It was 40 years ago this week that Scotland voted in favour of devolution and still got nothing, thanks to a Fife-born politician whose controversial amendment to the Scotland Act changed the course of political history.
Voters faced a double whammy after the intervention of backbench Labour MP, George Cunningham.
Born in Dunfermnline, Cunningham was educated at Dunfermline High School,
His amendment, on Burns Night 1978, was hailed as “the most important back-bench initiative in British politics since the war.”
It added a caveat that the bill had to be approved by 40 per cent of the total electorate as well as a simple majority.
The vote on creating a Scottish Assembly took place on March 1, 1979 after a short campaign – one that was a far cry from the colourful and captivating independence referendum in 2014.
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It launched locally just one month earlier, and the campaign saw Labour back a Yes vote.
Harry Gourlay, MP for Kirkcaldy, declared: “This Assembly is the brainchild of Labour.”
They found themselves on the same side as the SNP who ignited their campaign with a visit from Margo McDonald who had recently resigned as acandidate to the Westminster parliament because she believed that Scotland’s future lay in building a strong assembly.
When that finally came to pass in 199 and the Scottish Parliament was created, she became one of its most respected and influential figures.
The 40 per cent rule was a major talking point.
On his re-election as chairman of the Dysart and Gallatown branch of the SNP, W. Gilmour said the Scotland Act “abounds with acts of political vandalism” - with that caveat from Mr Cunningham at the top of his list.
He argued that the electoral roll becomes inaccurate by one per cent every month – people moving away, students perhaps appearing twice as they attend college.
Peter Wright, chairman of the SNP’s Kirkcaldy branch told a public meeting: “Scotland needs every possible Yes vote to overcome the iniquities of the 40 per cent rule - a rule whereby the sick, the too lazy and the apathetic automatically fall into the No camp.”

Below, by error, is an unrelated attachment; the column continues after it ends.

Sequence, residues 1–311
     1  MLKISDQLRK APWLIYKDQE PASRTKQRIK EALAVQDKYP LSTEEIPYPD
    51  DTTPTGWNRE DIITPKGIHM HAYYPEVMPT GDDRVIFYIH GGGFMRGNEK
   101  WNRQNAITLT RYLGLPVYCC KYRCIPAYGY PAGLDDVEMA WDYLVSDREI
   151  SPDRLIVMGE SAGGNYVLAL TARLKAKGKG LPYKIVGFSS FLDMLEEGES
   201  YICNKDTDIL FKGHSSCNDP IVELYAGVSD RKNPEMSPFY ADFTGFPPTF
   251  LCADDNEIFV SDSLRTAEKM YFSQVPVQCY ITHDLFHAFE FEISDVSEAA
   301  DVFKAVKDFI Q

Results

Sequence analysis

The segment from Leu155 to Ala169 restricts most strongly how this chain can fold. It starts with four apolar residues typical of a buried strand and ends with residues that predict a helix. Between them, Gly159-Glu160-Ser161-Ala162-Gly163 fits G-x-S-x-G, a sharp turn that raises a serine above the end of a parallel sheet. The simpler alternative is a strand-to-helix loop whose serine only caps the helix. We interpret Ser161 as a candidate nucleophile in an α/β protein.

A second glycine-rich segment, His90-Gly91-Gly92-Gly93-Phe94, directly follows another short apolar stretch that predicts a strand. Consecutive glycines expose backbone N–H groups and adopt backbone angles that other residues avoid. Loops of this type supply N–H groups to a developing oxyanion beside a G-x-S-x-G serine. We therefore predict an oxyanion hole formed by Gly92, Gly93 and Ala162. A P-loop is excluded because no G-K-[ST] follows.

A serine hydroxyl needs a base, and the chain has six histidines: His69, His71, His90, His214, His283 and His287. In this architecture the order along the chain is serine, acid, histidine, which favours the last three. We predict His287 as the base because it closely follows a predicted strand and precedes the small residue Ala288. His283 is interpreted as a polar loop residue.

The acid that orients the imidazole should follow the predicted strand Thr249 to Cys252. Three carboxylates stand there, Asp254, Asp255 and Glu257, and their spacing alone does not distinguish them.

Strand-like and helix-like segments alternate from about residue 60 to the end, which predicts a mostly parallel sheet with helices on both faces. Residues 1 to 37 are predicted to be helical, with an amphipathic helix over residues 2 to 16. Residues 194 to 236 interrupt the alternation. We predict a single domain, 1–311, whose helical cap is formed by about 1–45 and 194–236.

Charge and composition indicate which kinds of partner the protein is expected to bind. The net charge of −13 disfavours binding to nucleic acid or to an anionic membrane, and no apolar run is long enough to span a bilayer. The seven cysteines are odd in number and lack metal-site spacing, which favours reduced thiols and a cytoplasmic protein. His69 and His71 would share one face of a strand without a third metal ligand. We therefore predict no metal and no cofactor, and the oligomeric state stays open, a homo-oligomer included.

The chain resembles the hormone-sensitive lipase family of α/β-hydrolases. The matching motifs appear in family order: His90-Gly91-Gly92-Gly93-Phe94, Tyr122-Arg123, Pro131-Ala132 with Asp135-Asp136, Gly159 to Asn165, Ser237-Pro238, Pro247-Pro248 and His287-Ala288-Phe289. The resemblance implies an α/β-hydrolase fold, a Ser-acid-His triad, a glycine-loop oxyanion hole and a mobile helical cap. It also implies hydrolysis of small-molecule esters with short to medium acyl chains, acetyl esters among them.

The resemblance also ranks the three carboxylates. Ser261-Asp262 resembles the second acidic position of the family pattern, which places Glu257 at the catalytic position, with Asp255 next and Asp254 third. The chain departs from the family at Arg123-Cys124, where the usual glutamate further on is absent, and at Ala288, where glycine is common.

The party committed to an all-out campaign to generate a Yes vote.
Allan MacLeod, constituency PRO said: “We will be going all out to make sure that the case for Yes is put to very household. We will make everyone aware of the importance of voting Yes and making sure the referendum date does not slip by un-noticed”
This, he argued, was a tactic of the No brigade – ”they want to limit TV coverage and are playing a low -key campaign secure in the knowledge that their 40 per cent fraud has biased the result in their favour.”
A different view emerged as Frank McElhone, Under-Secretary of State for Scotland, addressed a meeting at Templehall Community Centre.
He said the 40 per cent rule should be “a spur for people to vote” and repeated the mantra of the day that “devolution is not about separatism – rather it will do more to bring nationalism down the slippery slope into oblivion.”
In its editorial, the Fife Free Press noted the “strange bedfellows” on either side and was left “ wondering at times where the line is between genuine conviction and expedience.”
It also came out in favour of a No vote – “for our part we reject the case for devolution as defined in the present Scotland Act.”
Polling day dawned, and the response was muted.
By lunchtime, less than ten per cent had turned out at Fair Isle, while Pathhead recorded fewer than 100 in those first few hours.
Some even missed out altogether.
Residents in Winnifred Street and Massereene Road found they’d been removed from the electoral roll by canvassers who had gone up the streets, noted the refurbishment work behind doing and, wrongly, assumed from the outward appearance that the houses were empty.
But 65 per cent of Fifers did turn out and vote – and they said Yes.
In fact Fife was the second only to Central in supporting a Scottish Assembly.
It took just five hours to count the votes at Fife Institute in Glenrothes, and any hopes that the majority decision – Scotland wide, 1,230,000 voted Yes and 1.153,000 said No – were quickly snuffed out thanks to the 40 per cent rule.
Sir George Sharp, who went on to lead Glenrothes Development Corporation, was a solid No campaigner, and was in no doubt the result stood.
“You cannot make rules and then allow them to be broken,” he said. “The Bill clearly said 40 per cent of the electorate had to vote for the Assembly and this has not happened in any of the regions.”
At Westminster the minority Labour government decided to abandon devolution, and, in doing so, lost the support of the SNP which helped to prop it up.
The General Election which subsequently followed saw Jim Callaghan defeated, and Margaret Thatcher move into Number 10.
Two decades later, in 1997, Scotland voted once more under a Labour government, and that led to the creation of the Scottish Parliament in 1999.
This time round there was no 40 per cent rule.